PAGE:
HS is widely studied and may refer to climatic-related changes in the physiological or productive responses of cows. Previous literature has reported that HS indicates the degree to which external factors on the anatomical system alter the system from its resting or ground state, and strain is the internal displacement from the resting or ground state of the cows. Hence, environmental factors external to cows contribute to stress, and the displacement of cows from the resting state is a response to external stress or heat . Our study results supported the findings of Cook et al. , who reported that a THI > 68 was indicative of HS. In our study, a THI > 68 was observed for 120 of 169 days in all cows. According to the previous findings, cows in this study were continuously exposed to stressful conditions from May to October. Armstrong  reported that a THI < 71 was the thermal comfort zone (assuming the THI does not drop below thermoneutral conditions) and the average mean daily THI from May to June and September to October was not a stress factor in the present study. From July to August, the average daily maximum THI was 84.0, and the average daily minimum THI was 73.39, which exceeded the critical value of 72.
Body temperature is an indicator of abnormal physiological changes and early diseases in animals . Common locations for measuring temperature are the rectum, ear, udder, vagina, reticulorumen , and skin . The RT is also generally considered to be a good index of deep body temperature even though there is considerable variation among different parts of the body core at different times of the day. Heat tolerance, reflected by the ability to maintain normal body temperature with increased THI, has been demonstrated to be different in these two breeds of cows. The average RT of the Holstein cows was higher (p < 0.05) than that of Jersey cows in the 61–85 THI range suggesting that Holstein cows had higher metabolic heat production. Our study results agreed with Srikandakumar and Johnson , who previously reported that RT was increased in Holstein cows as THI values increased. West et al.  reported that the normal body temperatures of Holstein-Friesian and Jersey cows in thermoneutral conditions were 38.3°C and 38.2°C, respectively. Muller and Botha  found that the changes in RT owing to a variation in ambient temperature were 63% and 30% for Holstein and Jersey cows, respectively, which seems to indicate that Holstein cows were more influenced by ambient temperature than Jersey cows.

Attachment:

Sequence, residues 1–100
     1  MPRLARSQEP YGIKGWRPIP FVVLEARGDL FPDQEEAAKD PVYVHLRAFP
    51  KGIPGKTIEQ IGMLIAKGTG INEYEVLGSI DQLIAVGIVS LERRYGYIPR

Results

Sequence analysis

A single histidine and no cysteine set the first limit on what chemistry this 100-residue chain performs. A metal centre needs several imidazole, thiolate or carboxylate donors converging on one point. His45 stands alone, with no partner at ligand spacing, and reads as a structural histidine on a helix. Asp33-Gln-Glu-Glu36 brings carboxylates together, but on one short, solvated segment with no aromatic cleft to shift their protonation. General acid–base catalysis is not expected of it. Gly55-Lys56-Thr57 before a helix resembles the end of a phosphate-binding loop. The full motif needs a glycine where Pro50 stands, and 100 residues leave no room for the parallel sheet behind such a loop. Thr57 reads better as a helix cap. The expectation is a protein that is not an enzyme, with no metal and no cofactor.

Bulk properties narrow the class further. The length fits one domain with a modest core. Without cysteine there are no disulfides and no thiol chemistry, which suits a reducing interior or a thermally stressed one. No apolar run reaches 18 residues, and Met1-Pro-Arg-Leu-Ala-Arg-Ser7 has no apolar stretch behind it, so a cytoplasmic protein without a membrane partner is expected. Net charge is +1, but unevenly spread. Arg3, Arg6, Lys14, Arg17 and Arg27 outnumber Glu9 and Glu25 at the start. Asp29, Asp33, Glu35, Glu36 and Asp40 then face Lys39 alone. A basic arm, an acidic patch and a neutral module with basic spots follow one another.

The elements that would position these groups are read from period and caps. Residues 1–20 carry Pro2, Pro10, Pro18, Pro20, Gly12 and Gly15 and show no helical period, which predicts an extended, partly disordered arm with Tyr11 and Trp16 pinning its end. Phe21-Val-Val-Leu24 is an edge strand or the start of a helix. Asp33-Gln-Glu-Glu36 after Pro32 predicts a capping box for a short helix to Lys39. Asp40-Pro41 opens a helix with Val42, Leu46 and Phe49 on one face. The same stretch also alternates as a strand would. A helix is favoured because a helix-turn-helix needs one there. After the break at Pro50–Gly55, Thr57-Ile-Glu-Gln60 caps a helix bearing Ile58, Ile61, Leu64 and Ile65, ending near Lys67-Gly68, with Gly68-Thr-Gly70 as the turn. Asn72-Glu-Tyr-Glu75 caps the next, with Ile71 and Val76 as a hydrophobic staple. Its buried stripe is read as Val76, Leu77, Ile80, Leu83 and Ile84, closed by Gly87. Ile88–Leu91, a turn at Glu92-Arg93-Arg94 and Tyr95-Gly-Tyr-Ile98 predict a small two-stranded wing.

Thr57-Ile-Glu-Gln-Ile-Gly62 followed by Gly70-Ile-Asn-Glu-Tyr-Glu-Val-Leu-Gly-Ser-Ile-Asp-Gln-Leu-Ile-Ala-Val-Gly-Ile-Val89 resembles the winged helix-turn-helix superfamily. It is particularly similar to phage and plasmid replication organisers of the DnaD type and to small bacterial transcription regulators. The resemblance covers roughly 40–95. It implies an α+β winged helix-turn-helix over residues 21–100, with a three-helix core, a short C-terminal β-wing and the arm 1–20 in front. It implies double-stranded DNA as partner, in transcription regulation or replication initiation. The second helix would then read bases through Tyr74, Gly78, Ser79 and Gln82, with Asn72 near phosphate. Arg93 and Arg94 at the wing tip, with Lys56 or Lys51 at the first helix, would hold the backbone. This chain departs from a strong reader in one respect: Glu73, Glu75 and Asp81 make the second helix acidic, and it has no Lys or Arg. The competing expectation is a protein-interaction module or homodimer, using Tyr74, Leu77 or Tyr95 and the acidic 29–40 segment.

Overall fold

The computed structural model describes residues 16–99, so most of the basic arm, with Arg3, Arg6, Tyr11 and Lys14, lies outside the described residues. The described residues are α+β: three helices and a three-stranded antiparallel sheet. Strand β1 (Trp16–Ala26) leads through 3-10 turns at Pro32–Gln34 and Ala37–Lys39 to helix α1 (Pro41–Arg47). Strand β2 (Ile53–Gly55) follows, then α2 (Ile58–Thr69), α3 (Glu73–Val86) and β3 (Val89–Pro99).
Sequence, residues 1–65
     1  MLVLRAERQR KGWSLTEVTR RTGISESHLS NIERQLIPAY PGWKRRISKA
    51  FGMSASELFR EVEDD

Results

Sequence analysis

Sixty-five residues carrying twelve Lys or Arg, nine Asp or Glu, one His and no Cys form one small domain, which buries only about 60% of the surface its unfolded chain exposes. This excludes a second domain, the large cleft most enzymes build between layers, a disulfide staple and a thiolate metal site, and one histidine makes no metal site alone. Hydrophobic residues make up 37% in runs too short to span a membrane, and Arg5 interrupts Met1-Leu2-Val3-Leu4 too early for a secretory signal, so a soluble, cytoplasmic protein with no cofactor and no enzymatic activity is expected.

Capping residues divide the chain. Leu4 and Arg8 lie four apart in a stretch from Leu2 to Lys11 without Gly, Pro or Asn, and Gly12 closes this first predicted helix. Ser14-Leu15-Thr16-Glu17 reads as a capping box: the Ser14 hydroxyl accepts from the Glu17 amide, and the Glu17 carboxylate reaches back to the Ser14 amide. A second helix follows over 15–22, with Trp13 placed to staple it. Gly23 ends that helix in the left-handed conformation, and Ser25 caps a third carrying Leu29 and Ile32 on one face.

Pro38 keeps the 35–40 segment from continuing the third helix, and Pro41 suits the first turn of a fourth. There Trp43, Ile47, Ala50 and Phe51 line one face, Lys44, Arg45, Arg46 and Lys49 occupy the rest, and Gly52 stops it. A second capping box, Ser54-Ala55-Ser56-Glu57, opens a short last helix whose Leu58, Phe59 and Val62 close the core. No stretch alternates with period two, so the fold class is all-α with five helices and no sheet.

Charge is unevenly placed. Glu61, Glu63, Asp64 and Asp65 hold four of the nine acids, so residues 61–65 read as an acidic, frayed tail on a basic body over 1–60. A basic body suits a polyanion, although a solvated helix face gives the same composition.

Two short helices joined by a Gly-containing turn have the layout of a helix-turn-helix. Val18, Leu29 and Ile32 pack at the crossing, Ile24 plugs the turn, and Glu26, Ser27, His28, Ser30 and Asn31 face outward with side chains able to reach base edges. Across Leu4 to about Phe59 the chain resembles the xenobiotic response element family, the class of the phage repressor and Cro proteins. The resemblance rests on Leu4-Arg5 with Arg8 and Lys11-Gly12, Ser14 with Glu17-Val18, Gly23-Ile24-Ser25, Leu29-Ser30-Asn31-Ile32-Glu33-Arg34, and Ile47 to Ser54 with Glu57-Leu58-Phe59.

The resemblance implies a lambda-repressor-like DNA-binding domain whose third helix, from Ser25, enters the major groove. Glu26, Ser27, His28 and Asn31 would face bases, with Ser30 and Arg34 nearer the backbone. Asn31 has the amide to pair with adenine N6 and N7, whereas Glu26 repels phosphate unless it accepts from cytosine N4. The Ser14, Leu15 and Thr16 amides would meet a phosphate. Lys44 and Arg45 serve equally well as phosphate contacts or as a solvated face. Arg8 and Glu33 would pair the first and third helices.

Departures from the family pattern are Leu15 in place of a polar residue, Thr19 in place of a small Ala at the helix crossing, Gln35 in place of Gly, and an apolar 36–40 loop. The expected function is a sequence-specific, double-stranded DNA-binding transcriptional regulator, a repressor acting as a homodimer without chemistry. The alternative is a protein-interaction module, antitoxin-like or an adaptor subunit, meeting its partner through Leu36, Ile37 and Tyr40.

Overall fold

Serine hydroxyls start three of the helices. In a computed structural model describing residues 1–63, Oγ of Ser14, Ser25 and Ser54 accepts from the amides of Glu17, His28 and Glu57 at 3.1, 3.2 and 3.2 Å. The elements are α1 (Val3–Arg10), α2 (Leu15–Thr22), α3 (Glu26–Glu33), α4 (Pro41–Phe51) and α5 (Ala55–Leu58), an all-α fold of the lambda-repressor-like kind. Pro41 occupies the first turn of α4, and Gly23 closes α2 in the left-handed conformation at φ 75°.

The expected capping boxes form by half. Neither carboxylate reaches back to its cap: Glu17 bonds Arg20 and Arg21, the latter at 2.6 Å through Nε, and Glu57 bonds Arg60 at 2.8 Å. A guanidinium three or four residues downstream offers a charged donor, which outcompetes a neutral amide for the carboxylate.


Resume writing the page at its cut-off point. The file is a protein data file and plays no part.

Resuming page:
The current study results showed that the higher increases in RR due to HS were similar to those of the changes seen in RT. Again, Jersey cows had a greater increase (p < 0.05) in their average RR than Holstein cows as THIs increased. According to a previous report , the average RRs for Holstein and Jersey cows were 65.4 and 58.6 breaths/min, respectively. However, our study results showed that the RR was influenced more in Jersey cows than in Holstein cows. RRs accelerate when the temperature surpasses the upper critical temperature and decrease when the temperature drops below the thermal neutral zone . The significance of an increasing RR in cows is that it can be used to disperse approximately 30% of the cow’s heat by respiratory vaporization . Respiratory vaporization and convection dissipate body heat and assist in maintaining thermal balance. This association may explain why the RT of Jersey cows was lower than that of Holstein cows in our study because the increased RR of Jersey cows was accelerated to dissipate body heat more rapidly. Previous study results indicated that RR starts to increase when the THI is above 73, and the RT begins to increase when the THI is above 80 . The study results agreed with the results of Harris et al.  showing that the RT, RR, and pulse rate were significantly varied in Holstein and Jersey cows. The surface temperature constantly changes because it is the body’s most efficient tool for regulating body temperature and depends on peripheral blood flow. If animals need to decrease their temperature, heat is transported from the core of the body to the skin by blood, and blood flow to the skin will increase, increasing the skin temperature . Our results also showed that both the RST and UST were higher in Jersey cows than in Holstein cows; however, milk production was higher in Holstein cows than in Jersey cows. Daily assessment of RTs in cows is a common approach to monitor core body temperature. However, it takes time and labor to hold cows steady while measuring the RT . The UST is also affected by various factors, including ambient temperature, humidity, air velocity, bedding material, and lying behavior , and can be monitored using the rapid, noninvasive procedure of thermal imaging . Importantly, the daily assessment of UST differs from that of RT . A weak relationship between RT and UST might limit the use of thermal imaging for monitoring cows’ body temperatures . Recent work indicates that infrared thermography detected changes in temperature in the right and left flanks, and these changes showed a strong correlation with HS (R2 = 0.62 and 0.72; ). Therefore, monitoring the UST is less laborious than measuring the RT and could be an effective method to identify HS in cows. Our study results also showed that RST had a stronger correlation with HS than UST.